(c) Ursel Scheffler - developed by Minerva IT-Solutions and Poly-Book

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One App,
Many Stories

The name of the app says it all: we want to build bridges between children of different mother languages. The German children's books we offer can therefore also be read in other languages. To mark the occasion, we are initially offering our illustrated audio books free of charge in German, English, Ukrainian, Russian and Polish. Other languages will follow later.

Due to the simple structure and vocabulary, children's book texts are also suitable for readers over 8 years of age to consolidate their German language skills. Each sentence reaches the reader via audio and allows them to repeat it aloud.

Download on the App Store
Get it on Google Play

Our current stories 
           we would like to tell


TigerTom and the black cat

Children love to go exploring and just do whatever they feel like. Tigertom also sets off into the wide world full of zest for action. He knows he shouldn't go with strangers. But when a tomcat on a fancy motorcycle invites him to ride along, it sounds very tempting ... In the end, Tigertom listens to his gut feeling and is happy to come home again.

— Name, Titel


Butterfly mail

Since grandma died, grandpa lives alone in the small house on the outskirts of town. He misses grandma very much. That's why he's twice as happy when grandson Niklas comes to visit him. One day, they fly a kite that they have made together. "Does it go up beyond the clouds? All the way to where Grandma is now?" ponders Niklas. "Maybe," says Grandpa. "Grandma is always with me, even when I don't see her." He points to a butterfly fluttering by and says: "Whenever I see a butterfly, I think it's a greeting from Grandma. 

— Name, Titel


A man called tomato

Once there lived a man in a town who had a thick red nose. He had frozen his nose to death in an icy winter, when he still lived in a country where it is much colder than here...

This is how the story of "Tomato" begins. He is a stranger who has a hard time arriving in our country, who is bullied and marginalized, the victim of false suspicions and his own fears. But it also shows how you can make up for some things and integrate a stranger, that running away and looking away is not a solution, but that you have to deal with the problems of everyday life.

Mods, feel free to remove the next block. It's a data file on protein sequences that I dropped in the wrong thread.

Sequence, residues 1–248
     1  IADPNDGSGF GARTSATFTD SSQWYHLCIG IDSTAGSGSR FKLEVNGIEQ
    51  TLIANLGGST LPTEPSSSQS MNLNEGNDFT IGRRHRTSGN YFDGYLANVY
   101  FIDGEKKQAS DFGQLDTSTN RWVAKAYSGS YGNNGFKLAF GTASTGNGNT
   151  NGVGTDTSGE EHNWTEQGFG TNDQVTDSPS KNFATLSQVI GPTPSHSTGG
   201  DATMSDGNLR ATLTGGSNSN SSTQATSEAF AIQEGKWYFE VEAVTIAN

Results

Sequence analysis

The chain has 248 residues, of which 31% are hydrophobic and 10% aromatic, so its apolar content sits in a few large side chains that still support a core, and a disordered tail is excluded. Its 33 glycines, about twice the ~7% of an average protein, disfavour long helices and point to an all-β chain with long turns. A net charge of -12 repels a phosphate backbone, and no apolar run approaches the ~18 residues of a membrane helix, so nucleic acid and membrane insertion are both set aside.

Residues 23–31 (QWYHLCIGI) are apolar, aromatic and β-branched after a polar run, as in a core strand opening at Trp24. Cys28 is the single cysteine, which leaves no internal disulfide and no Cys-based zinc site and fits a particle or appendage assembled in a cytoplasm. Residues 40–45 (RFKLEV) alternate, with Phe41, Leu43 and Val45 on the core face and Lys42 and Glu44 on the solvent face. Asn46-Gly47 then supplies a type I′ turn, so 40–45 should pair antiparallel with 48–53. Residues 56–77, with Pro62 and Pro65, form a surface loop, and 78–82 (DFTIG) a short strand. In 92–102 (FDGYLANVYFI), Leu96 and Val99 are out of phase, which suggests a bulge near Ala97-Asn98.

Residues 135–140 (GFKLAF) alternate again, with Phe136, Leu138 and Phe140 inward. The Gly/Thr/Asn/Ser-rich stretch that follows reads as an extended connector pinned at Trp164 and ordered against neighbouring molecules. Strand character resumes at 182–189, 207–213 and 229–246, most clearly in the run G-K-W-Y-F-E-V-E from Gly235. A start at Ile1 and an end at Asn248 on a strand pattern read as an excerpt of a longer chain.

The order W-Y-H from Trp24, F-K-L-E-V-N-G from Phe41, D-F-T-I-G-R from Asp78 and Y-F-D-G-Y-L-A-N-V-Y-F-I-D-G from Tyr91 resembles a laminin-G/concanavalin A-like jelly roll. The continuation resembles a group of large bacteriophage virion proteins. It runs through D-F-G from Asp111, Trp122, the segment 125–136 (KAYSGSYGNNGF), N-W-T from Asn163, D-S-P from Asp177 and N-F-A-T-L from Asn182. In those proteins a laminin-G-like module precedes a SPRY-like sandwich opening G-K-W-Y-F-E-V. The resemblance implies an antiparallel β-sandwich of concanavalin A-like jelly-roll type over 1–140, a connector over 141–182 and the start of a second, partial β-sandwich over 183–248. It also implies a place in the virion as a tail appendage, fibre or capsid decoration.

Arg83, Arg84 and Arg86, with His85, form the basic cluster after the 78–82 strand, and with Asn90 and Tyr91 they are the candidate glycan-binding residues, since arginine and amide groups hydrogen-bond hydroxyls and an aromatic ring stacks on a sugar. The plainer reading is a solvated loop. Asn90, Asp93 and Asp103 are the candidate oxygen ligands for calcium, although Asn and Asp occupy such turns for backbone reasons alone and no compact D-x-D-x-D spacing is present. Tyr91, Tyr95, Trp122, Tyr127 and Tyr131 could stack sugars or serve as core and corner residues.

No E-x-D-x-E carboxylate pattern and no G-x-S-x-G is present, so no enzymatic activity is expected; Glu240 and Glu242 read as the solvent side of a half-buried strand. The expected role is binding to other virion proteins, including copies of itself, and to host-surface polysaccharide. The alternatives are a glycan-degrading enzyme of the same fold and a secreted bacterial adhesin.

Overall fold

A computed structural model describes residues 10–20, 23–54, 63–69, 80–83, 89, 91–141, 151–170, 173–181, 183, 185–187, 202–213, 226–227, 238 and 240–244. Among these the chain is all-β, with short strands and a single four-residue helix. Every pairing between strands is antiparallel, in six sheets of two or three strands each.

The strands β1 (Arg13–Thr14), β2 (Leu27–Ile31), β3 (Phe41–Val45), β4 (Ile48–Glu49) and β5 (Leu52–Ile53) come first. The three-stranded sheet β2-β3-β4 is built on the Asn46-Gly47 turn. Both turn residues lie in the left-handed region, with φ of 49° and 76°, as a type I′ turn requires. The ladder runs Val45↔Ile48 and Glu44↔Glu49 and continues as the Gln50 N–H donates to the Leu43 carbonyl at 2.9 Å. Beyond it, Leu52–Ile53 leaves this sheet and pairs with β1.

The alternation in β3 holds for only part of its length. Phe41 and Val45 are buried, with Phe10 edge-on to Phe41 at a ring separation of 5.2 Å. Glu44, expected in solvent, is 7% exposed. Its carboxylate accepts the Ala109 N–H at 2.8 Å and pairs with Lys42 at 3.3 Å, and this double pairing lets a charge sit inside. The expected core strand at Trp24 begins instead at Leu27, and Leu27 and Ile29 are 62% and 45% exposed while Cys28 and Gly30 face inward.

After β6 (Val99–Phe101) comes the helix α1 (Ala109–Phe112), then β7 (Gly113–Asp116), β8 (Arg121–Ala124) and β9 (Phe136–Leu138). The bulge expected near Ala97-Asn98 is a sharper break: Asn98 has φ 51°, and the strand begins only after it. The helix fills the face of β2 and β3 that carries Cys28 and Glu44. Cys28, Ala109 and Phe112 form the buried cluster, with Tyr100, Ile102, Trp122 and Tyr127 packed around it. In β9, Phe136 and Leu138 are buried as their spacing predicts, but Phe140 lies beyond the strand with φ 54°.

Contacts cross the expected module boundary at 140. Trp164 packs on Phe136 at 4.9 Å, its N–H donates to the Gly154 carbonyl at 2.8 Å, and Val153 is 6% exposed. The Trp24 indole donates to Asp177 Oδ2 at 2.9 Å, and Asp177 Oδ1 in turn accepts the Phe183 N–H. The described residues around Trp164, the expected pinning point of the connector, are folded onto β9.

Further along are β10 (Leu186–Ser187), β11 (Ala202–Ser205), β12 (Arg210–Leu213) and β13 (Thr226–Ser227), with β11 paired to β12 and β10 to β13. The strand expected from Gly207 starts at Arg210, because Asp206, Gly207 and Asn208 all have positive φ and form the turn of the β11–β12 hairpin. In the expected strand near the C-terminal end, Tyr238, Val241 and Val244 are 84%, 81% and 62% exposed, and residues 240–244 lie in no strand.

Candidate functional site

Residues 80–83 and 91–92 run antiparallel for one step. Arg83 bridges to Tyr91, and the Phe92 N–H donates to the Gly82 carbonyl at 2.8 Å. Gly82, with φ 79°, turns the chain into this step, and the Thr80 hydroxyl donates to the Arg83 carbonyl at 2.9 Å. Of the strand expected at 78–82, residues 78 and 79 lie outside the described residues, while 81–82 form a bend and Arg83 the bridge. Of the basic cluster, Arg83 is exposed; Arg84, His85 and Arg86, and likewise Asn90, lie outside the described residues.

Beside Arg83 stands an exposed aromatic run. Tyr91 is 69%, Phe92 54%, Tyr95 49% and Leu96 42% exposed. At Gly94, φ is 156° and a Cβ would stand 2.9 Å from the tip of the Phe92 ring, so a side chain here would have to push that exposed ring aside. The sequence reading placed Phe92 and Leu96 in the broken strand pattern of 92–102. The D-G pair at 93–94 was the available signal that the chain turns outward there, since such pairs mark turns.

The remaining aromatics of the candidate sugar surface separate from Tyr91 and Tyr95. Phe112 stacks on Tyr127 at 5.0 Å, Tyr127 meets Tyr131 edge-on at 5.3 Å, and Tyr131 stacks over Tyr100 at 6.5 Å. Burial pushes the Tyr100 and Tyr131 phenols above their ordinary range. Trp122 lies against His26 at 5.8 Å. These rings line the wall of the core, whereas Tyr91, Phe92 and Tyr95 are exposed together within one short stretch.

— Name, Titel


Soccer with dad

Jonas can't believe it: He finally owns his own soccer ball, but he's still not accepted on the soccer field because he's the youngest. Only Dad can help! As a true ball artist, Dad gets his offspring in top shape for the shooting competition at the sports festival. And this is Jonas' chance to show the "big boys" what really matters in soccer: brains and tactics.

— Name, Titel


The whine lamp

About the little sheep that was never satisfied.
Once upon a time there was a little sheep that always wanted what others had. Every
Every day it wanted something else.
That's why it was called the Quengel.

— Name, Titel

About the author


Ursel Scheffler

Scheffler studied Romance and English language and literature in Erlangen and Munich. She passed the teacher's examination, the translator's examination, and the master's examination in Romance studies, English studies, and folklore (fairy tales, legends). She wrote her master's thesis on French fairy tales in the 17th century in 1975. She has been married to Eberhard Scheffler since 1960, has three children and has lived in Hamburg since 1977. More than 300 children's books have been published by well-known German and foreign publishers and licensed editions in 30 languages. Her first picture book (Kennwort: Tomate) was published in 1975 by Ellermann (Munich) and received an American Children's Book Award for the edition Alle nannten ihn Tomate (1994) published by Nord Süd Verlag. Her book Ätze das Tintenmonster was an inspiration for the invention of the Olchis by Erhard Dietl.[1]

Ursel Scheffler is a reading ambassador for Stiftung Lesen and initiated the successful Büchertürme (Book Towers) program on November 11, 2011, as part of its efforts to promote reading.

"Bücherbrücken: Die App" was created in a collaboration between
Ursel Scheffler and Minerva IT-Solutions